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bike manufacturers must think women do not get thirsty...

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bike manufacturers must think women do not get thirsty...

Old 07-17-04, 09:47 PM
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KonaSmoker
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bike manufacturers must think women do not get thirsty...

Hey All-

With the purchase of a bike for myself, the better half has started to express interest in getting one as well. Like mine, something for around town, store trips, etc.

I started doing research and was surprised to see something in pictures of U-frame bikes.

No bottle cage mounts.

I can understand not having one in the smaller space between the tubes, but why not on the top tube? Near the stem.

Help a brother out sisters!
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Old 07-18-04, 05:48 AM
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U frame bikes suck, thats why. Weak, flexy, heavy, ugly, pointless unless you ride with a full dress like they did circa 1910.
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Old 07-18-04, 08:15 AM
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Most women's style MTBs can just squeeze a bottle between the 2 down tubes, but its a squish. Alt locations iuclude behind the saddle, and on the bars. Triathalon riders use both locations.
The city-style bikes you mention are designed for riding to the cafe, not for schlurping on the bike.
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Old 07-19-04, 01:20 PM
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A lot of 'bents lack bottle cage braze-ons. My Rans would have no place for them on the frame itself, but the OSS has a long "riser" tube, which would have plenty of room for a set. Alas, no.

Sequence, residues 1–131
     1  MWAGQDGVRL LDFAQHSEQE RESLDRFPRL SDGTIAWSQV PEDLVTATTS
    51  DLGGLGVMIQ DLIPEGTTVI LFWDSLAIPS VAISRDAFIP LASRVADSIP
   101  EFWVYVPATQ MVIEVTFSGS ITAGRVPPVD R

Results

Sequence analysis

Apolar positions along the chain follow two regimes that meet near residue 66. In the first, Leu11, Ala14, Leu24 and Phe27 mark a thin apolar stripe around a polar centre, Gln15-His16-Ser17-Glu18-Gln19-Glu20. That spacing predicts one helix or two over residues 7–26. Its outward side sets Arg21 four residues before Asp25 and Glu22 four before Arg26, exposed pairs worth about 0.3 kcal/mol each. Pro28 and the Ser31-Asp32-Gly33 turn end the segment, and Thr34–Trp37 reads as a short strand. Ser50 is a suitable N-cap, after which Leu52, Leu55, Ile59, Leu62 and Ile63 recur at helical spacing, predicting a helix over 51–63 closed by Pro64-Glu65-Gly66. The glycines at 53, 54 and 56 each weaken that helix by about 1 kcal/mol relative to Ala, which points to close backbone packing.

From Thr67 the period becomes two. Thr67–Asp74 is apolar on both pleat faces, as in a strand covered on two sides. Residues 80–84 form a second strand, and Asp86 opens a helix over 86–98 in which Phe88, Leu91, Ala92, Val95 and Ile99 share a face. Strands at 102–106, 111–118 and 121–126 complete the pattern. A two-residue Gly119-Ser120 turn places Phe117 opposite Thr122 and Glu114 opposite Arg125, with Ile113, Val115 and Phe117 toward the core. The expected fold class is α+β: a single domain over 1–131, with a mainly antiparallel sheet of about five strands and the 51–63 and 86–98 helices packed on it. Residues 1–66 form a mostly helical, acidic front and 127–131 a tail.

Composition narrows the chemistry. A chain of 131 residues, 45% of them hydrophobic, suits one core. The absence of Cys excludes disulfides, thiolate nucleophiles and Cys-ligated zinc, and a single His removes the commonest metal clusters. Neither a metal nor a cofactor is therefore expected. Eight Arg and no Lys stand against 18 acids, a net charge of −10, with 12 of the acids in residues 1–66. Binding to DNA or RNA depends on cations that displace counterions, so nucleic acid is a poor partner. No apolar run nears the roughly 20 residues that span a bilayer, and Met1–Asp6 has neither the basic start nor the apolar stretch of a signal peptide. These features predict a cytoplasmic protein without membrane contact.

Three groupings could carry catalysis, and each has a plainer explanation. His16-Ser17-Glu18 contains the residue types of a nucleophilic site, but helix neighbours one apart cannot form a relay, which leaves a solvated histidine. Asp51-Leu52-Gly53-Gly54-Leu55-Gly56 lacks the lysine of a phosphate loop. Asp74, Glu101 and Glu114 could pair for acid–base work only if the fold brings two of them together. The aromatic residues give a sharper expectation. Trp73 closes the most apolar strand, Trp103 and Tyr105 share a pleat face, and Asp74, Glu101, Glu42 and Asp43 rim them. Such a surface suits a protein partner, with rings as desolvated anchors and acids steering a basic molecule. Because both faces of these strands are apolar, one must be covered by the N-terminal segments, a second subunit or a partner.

Hey, why not just get a hydrator?
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Old 07-19-04, 03:24 PM
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If it's a cruiser, bottle-cage mounts probably aren't the manufacturer's priority; they're not made for long trips. You could just carry a bottle in a front basket. Otherwise, a women's MTB or hybrid frame should have mounts.

On a step-through frame, I'd be hesitant to put a bottle on the top tube--since one actually "steps through" to get on/off the bike, you'd kick the bottle every time you got on or off.

And no, you don't really need the step-through frame if you aren't wearing a dress . But if you don't ride regularly or competitively, and you don't want to (or can't) swing your leg around the saddle & rear of the bike, a step-through frame is fine. It's also really nice if you're loading up the bike with lots of groceries/books/etc.
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Old 07-28-04, 12:21 AM
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I purchased a TREK 7200 and it was drill for a bottle cage. It's easy to get at and I have no difficulty reaching for it. NO, I don't have long arms.
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Old 07-28-04, 12:55 AM
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just get a handlebar-mount bottle cage, or a clamp-on cage.

Given, having the pre-drilled holes make it a far cleaner install, but you gotta do what ya gotta do.
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Old 08-02-04, 02:41 PM
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well just to update, the research is leading us towards a bianchi advantage as a first bike for her. i'll probably get one of those elite ciussi side entry cages...

anyone have any other bike recommendations?
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Old 08-02-04, 05:52 PM
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Oh, glad I saw this. I have a bike that has only one cage... and then I ran into this triathlete who had bottle cages on the back of his bike. When he told me where to go, I RAN to the shop and got it right away. It's made by Profile Design, and you can stick an additional 2 water bottles in them. You take the seat off, then slip the water bottle cages around the seat post. Check it out here to understand what I'm trying to explain: http://www.lickbike.com/productpage.asp?PART_NUM_SUB='3271-00'

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Old 08-07-04, 06:24 PM
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Originally Posted by Koffee Brown
Oh, glad I saw this. I have a bike that has only one cage... and then I ran into this triathlete who had bottle cages on the back of his bike. When he told me where to go, I RAN to the shop and got it right away. It's made by Profile Design, and you can stick an additional 2 water bottles in them. You take the seat off, then slip the water bottle cages around the seat post. Check it out here to understand what I'm trying to explain: http://www.lickbike.com/productpage.asp?PART_NUM_SUB='3271-00'

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